Wednesday, May 13, 2015

Invasive species, echo chambers, and community: This week on Rhizo15!

I was going for a News show feel with that title. I don't think it came across.  The more I think about it the more I am thinking that video might satiate my dramatic tendencies - but that would take more acting talent and more time.  It's just text for now! If you have an idea for a name for a Mock News Show (like the Daily Show but for EdTech, drop a comment ;-) )

So, week 5 Rhizo15 - this means that there is only one more week left if I am not mistaken. Dave talks about the doom and gloom of community. It's such an invasive species.  It assimilates all that it touches. Oh my!  Just to set the stage here Dave asks if community is just replacing one authority - the instructor - for another, which I would guess he means the Hegemony of the Group.  Is the course becoming an echo chamber?  Does the rhizome choke the air out of everything it touches?

I am pretty sure that Dave is being controversial here (surprised?) and possibly a little tongue in cheek. Generally speaking my guess would be that if I tried to "design" a course around rhizomatic principles my students would most likely mutiny. I am actually not even sure how one would "design rhizomatically"† anyway. That's a topic for another post I guess.  Even if we don't go full-rhizo on a course, and we work out the community aspect where the instructor steps back and lets the class take over, that doesn't mean that the power of the instructor (in a formal academic setting) isn't something on the minds of learners throughout the course (I think Maha wrote about this in Week 4).

Is group-think a potential problem in teamwork?  I think it is, but just because it's a potential problem it doesn't mean that we have an echo-chamber situation.  Some posts from previous weeks are bubbling up on twitter because some of us are only now getting to them and if we see something in them we like or identify with we share them, even though they came back a few weeks ago.  Since MOOCs are open entry, open exit, open re-entry (and so on), it's not out of the realm of possibilities that content will bubble up from time to time. I think this is a logical part of a course that does not have a linear structure.

Still, the issue of the echo-chamber may persist.  The twitter SNA that Aras is kindly keeping track of seems to indicate more posts, but fewer people on twitter.  Is this a problem?  Well, maybe - or maybe not.  It depends on what the goal is.  The community is distributed in at least two social networks - facebook and twitter.  Three if you count the weekly Vialogues that are coming up‡. And some people might be just engaging on their own blogs without interacting with the rest of the community. Some members just do one network, others do both, others do all three, some blog on top of that.  I think that twitter-action is only one side of the coin and we can't base our interpretation of interactions in the course only on that metric.

Furthermore, there are other considerations.  It took me up to week 3 of #Rhizo15 to really get started. My EDDE802 course was still in session when Rhizo15 started so my attention was on something that would get me feedback on assignments and earn me a grade to allow me to go on to the next step of doctoral studies. I would have loved to have participated early on, but such is life.  I would assume that there are still others that were able to participate early on but may not be able to participate as much on this end of things.  Without bugging our 201 members on the facebook group (assuming that's an official count) for weekly temperature checks, how does one account for non-course priorities that affect course "performance"?  I also see 11 new members on the Rhizo group which means, to me anyway, that the membership is fluid and not fixed in time.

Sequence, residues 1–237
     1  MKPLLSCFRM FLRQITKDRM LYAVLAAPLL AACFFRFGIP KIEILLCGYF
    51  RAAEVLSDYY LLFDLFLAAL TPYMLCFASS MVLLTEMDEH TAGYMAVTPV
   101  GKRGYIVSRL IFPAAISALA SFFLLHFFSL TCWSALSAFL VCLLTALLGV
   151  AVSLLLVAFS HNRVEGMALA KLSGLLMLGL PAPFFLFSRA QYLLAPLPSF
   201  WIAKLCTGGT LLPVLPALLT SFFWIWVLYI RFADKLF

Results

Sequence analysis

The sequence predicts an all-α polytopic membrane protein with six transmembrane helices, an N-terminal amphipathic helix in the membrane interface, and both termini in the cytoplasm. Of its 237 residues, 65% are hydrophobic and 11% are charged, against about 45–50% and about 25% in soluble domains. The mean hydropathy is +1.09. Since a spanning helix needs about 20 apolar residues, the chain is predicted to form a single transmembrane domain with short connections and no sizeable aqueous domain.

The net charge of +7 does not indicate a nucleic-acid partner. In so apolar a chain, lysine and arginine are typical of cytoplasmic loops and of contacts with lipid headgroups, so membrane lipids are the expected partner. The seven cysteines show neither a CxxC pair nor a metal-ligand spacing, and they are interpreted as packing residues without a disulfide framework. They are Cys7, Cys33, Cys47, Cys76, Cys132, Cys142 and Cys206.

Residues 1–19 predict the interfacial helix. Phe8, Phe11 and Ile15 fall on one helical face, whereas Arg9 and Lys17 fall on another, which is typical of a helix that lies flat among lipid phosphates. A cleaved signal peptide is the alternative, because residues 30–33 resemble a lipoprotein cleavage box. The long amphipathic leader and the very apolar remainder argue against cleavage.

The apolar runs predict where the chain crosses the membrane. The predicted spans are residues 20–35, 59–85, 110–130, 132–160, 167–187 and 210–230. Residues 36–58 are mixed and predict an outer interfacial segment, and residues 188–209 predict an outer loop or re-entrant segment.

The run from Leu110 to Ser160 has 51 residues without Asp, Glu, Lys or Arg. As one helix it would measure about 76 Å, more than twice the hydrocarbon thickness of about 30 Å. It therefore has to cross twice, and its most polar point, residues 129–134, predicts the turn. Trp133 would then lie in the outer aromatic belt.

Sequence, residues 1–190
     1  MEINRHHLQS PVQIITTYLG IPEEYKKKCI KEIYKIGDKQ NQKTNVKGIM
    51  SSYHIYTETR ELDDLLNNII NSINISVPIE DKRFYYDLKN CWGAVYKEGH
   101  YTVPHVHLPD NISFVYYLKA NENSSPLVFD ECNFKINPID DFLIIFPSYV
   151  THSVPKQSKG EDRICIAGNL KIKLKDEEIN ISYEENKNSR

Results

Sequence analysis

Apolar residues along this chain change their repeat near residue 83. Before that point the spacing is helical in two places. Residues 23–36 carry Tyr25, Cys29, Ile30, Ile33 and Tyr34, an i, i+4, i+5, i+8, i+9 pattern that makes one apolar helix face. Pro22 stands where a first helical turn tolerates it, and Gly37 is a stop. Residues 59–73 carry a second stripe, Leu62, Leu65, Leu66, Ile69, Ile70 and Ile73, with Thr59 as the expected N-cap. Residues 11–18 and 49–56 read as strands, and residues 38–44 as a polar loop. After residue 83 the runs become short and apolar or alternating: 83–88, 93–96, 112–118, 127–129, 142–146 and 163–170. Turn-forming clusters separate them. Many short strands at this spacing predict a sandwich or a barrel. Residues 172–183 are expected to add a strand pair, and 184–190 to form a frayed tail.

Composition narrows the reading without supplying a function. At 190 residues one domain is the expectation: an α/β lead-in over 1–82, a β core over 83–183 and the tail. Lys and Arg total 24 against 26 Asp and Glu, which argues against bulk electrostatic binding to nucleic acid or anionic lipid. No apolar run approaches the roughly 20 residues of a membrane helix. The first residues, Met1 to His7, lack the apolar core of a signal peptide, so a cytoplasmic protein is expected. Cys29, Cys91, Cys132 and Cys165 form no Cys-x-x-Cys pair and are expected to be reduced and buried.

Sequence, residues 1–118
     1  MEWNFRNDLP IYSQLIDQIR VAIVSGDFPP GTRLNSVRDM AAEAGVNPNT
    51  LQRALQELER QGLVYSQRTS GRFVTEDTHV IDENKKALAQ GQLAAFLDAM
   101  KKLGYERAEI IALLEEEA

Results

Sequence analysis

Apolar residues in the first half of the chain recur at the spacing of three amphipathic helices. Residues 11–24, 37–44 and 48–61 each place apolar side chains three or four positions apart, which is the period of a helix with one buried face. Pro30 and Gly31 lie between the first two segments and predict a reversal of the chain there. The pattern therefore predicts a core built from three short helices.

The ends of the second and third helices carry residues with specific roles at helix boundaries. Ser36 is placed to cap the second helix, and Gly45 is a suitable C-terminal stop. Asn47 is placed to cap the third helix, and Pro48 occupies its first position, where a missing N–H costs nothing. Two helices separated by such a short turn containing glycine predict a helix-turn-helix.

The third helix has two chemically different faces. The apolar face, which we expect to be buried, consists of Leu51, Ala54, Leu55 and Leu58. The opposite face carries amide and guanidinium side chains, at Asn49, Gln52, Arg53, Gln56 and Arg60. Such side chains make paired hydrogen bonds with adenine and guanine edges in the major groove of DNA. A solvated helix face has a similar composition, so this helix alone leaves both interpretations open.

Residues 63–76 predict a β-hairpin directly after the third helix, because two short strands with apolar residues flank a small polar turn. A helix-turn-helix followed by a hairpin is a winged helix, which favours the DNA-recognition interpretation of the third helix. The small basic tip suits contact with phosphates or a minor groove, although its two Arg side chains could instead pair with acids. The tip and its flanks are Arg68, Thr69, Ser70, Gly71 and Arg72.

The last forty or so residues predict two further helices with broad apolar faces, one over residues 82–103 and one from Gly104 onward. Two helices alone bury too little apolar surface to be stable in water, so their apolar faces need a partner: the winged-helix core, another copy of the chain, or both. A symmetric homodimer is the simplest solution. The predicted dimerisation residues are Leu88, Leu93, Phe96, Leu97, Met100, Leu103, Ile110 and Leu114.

Now, are there groups of people that know each other from previous MOOCs (or online life in general) that tend to prioritize members of that group over others?  I don't doubt it!  To some extent people who you know from before have undergone a mental vetting process. You sort of know what you are going to get from them, so you might prioritize reading what they write over some other unknown.  Is this an echo chamber?  I would say no because they might not be parroting the same things you say or think (that would be boring in my mind anyway). I don't think that when new groups are formed you are out-with-the-old, in-with-the-new each time you have a new learning setting. Having a known point on the compass is a great start, but as learners we should aim to expand our horizons, and this means reading contributions from people we don't know. That is how our network expands.  By re-engaging with people we know we strengthen that social bond as well.  I guess, as Latour says in ANT, groups are constantly being formed and re-formed. There isn't just one group that stays as is in perpetuity.

Your thoughts?



SIDENOTES:
† If you do know or have an inkling on how to do instructional design for rhizomatic courses, and you want to submit an article for a forthcoming peer reviewed special issue of CIEE on the Instructional Design of MOOCs let me know!

‡ I guess I should try this at least once.  Maybe this week...

Independent side note: I don't think that community chokes the traditional because many people are still resistant to community and group learning.  Just dump knowledge in my head and test me on it - that's their motto ;-)
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